It was incredible to witness these moments and hear how much the culture has shifted in Catholic schools since I was a student. They could share their stories, including letting me know they were here because they were "really gay." I was amazed they could speak so nonchalantly in front of their peers.

A former student in the Windsor-Essex board, Eli, also shared his coming out story publicly for the first time. If he could share his story so openly only a few years after graduating, what would that mean for the next generation?

"Those who identify, you have an amazing community of support... You are loved by God and the community. We want you to feel that every day."

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It often brings me to tears to hear words like this and see educators stand in support of their LGBTQ+ students. Many educators, students and community members have been advocating and working tirelessly for years to have these spaces.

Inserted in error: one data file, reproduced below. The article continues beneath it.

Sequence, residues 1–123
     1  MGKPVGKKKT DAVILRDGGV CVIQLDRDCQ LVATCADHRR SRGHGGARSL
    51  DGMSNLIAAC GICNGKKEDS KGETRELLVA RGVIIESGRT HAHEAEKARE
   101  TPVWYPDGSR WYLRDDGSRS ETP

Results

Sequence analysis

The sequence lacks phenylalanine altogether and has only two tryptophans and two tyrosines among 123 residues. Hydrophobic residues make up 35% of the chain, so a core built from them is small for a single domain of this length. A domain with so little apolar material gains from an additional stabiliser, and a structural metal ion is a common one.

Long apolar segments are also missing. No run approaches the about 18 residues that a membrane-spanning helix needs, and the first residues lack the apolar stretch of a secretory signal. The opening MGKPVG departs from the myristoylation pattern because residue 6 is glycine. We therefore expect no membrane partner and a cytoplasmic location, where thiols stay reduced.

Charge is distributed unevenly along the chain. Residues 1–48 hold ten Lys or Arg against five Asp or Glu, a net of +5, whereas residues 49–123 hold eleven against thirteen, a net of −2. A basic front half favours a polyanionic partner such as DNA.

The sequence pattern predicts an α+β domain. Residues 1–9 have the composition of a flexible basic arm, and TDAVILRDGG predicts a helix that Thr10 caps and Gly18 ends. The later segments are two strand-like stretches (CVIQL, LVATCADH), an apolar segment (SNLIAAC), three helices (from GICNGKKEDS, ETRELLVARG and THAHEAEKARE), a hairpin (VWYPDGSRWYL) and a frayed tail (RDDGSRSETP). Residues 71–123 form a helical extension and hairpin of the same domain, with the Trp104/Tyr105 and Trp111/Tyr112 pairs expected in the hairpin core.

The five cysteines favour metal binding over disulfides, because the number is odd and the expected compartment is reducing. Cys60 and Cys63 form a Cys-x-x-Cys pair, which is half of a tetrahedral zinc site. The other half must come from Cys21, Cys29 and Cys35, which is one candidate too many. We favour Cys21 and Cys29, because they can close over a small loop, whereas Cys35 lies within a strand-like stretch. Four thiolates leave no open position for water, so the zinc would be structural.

It matters for these students to know there are people who love and support them in their Catholic communities. This saves lives.

When I asked if they believed it was possible to be LGBTQ+ and Catholic, many students put up their hands. They shared stories about family and friends who are out and still practicing their faith.

These young people have representation in a way I never had.

But I know it's still hard for many of them. I know there were students there who are struggling deeply and haven't found the words to say their stories out loud. They're afraid of what their family, friends and faith communities will think.

There were also students who struggle to see themselves represented as queer people of colour. Several racialized students approached me to talk about the challenges of being in predominately white communities.

How do they share this part of themselves? Who are the queer and racialized Christians and Catholics they see?